Market Day, & Sins of Youth

May 27, 2015

Off to market I go. I need lemons, lettuce, leeks.

But I get distracted by the T-shirts. Where’s the one for me?

Italian T-shirt at Market, copyright Jann Huizenga

I had plenty of those, but do I really want to celebrate them on a T-shirt?

T-shirt in Italian Market, copyright Jann Huizenga

Do I want to be a walking ad for Starbucks and bad grammar?

Italian T-shirt at market, copyright Jann Huizenga

Wouldn’t this mark me as the most obnoxious person on the planet?

Italian T-shirt at market, copyright Jann Huizenga

The people have not perfect English.

All made in China, of course.

Italian T-shirt at market, copyright Jann Huizenga

Dim idea writ large.

Italian T-shirt at market, copyright Jann Huizenga

Cute car; dumb text.

Italian T-shirt at market; copyright Jann Huizenga

Found it!


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Faux Pas

May 6, 2015

So I’m at the fruttivendolo, greengrocer’s, a charming hole-in-the wall.

I’m cooling my heels waiting my turn while the vendor and a customer with a nest of snow-white hair lament Italy’s problemi. Every so often the snow-white customer points to a cucumber or a pile of chicory, which the vendor oh-so-carefully picks up and weighs. Ten minutes pass. The two men are pretty riled up–hands flail all over the place–about the fact that Prime Minister Renzi got his electoral reform law (Italicum) passed. Will the right to strike be affected, they fret? Because Italy is a striking culture: teachers & pilots & baggage handlers & bus drivers & train operators & truck drivers & museum workers & taxi drivers walk off the job on a regular basis. You cannot take that away from the Italian 99%-ers, can you???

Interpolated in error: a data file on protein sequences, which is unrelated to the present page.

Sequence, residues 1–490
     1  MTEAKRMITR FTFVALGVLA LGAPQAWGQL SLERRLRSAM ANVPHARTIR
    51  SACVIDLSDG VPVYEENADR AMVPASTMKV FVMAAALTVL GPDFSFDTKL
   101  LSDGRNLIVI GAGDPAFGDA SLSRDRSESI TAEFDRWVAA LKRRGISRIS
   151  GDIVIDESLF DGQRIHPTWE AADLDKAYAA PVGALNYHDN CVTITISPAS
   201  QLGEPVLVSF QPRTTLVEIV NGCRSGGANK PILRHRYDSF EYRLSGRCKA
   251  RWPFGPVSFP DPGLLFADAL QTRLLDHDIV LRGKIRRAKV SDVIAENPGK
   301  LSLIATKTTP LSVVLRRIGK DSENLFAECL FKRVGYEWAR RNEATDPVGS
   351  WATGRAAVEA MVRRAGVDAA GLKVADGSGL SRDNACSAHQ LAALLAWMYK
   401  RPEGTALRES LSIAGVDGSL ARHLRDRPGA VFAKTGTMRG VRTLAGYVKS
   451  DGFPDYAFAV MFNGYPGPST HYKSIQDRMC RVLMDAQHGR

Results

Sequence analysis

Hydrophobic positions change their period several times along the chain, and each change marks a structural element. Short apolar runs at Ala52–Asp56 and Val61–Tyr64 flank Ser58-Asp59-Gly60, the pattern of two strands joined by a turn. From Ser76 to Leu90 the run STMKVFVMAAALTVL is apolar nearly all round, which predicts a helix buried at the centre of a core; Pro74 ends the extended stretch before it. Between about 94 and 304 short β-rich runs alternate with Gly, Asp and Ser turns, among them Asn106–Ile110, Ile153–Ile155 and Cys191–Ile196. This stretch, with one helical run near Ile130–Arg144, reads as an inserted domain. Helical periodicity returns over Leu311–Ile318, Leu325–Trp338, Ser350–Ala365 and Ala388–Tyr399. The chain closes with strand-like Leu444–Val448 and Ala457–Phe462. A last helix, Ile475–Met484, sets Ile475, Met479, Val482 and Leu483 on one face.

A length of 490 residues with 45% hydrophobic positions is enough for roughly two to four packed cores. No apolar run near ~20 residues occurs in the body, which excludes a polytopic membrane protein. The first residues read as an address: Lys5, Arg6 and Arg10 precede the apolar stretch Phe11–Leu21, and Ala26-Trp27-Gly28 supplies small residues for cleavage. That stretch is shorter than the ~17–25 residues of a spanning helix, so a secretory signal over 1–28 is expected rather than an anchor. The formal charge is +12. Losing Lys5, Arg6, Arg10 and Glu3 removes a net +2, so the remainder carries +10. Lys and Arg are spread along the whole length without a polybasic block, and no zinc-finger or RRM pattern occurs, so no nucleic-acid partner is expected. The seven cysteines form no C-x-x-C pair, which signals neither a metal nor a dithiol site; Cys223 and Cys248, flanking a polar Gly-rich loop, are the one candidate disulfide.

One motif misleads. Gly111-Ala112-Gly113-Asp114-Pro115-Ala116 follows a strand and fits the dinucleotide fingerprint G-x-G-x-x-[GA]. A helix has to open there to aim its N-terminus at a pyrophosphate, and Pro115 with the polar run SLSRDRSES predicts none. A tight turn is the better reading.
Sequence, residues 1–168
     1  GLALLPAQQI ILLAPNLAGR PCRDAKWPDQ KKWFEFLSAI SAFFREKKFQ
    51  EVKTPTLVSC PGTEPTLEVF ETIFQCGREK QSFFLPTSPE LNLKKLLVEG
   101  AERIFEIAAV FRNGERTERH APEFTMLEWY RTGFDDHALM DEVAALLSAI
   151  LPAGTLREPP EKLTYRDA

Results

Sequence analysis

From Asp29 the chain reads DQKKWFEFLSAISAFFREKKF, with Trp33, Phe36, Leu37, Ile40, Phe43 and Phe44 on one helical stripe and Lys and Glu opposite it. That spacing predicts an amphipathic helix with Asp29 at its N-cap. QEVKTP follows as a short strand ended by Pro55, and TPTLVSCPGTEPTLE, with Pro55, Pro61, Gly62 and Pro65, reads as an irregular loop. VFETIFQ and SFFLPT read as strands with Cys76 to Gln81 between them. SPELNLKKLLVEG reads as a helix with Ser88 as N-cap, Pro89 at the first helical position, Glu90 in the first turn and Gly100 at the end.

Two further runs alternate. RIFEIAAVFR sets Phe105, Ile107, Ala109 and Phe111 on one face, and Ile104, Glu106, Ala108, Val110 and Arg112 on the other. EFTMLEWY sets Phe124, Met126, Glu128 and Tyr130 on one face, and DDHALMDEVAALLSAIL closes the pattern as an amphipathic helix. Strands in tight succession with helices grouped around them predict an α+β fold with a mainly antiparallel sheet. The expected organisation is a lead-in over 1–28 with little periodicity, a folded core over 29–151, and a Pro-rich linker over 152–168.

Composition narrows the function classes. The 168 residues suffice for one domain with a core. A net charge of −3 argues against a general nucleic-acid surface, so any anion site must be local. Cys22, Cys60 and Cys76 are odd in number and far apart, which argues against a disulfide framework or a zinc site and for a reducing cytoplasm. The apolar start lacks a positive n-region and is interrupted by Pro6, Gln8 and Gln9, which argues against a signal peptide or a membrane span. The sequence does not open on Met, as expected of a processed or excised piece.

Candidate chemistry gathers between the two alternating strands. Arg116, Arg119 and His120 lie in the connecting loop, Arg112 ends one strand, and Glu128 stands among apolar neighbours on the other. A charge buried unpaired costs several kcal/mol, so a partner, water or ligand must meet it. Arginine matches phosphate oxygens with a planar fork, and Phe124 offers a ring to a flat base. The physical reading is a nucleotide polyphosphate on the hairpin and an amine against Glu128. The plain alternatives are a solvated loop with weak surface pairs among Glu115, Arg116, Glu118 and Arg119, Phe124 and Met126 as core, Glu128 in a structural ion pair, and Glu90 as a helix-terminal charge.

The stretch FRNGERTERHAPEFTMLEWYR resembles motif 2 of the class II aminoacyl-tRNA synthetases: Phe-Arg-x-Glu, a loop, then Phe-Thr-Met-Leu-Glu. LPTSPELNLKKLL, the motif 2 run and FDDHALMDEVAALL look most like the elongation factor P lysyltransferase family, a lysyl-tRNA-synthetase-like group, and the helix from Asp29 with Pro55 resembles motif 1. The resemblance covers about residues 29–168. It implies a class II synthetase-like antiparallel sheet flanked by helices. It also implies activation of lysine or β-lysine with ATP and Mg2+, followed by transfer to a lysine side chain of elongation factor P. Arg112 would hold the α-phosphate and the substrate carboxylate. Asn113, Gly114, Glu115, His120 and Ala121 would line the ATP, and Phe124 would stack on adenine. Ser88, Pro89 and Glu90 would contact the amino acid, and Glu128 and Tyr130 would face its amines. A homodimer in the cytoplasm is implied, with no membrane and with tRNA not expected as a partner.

Anyway, the snow-white man finally shouts a hearty parting to one and all (Buona giornata e buon pranzo! Good day and good lunch!) and steps out the door, trailing a bag chock-full of chicory.Chicory, copyright Jann HuizengaI’m up next. Lemons, please! We engage in an animated conversation about how the mayor is spoiling the village with his vulgar signage. The vendor pulls me onto the street and points out an ugly sign that has gone up on the corner, right next to an ancient stone fountain. Back inside I point out some big bright oranges. And then we’re onto the next topic: the vendor’s recent malady. This is how a transaction goes in small Sicilian markets.

I’m still being served when in waltz two americani. They do not say buongiorno. No greeting at all! Strike 1. Then they head for the tomatoes, and–horror of horrors!!–fondle the juicy red orbs with their own filthy fingers, scooping up the ones they want themselves! I suppress a gasp. Strike 2. And, yes, it gets worse: they march up to the cash register, pull out their euro bills and push them at the vendor. AND I’M STILL IN THE MIDDLE OF MY TURN!!!! Strike 3. The vendor is gracious, as am I. But the episode makes me see how easy it is for innocents abroad to commit faux pas, and in these innocents, I see myself. And yes, there is a strike 4. They waltz out the door with nary a word, wishing us neither a good day nor a good lunch.

The Greengrocer's, Sicily, copyright Jann Huizenga


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A Story of Sicilian Bread